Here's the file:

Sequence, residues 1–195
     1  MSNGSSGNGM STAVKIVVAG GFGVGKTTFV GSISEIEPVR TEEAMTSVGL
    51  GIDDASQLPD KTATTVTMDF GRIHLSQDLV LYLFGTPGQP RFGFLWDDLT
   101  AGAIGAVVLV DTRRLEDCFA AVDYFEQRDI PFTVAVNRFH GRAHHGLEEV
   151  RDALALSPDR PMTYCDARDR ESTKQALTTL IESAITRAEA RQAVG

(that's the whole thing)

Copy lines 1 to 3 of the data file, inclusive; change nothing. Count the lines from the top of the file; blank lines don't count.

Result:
Sequence, residues 1–195
     1  MSNGSSGNGM STAVKIVVAG GFGVGKTTFV GSISEIEPVR TEEAMTSVGL
    51  GIDDASQLPD KTATTVTMDF GRIHLSQDLV LYLFGTPGQP RFGFLWDDLT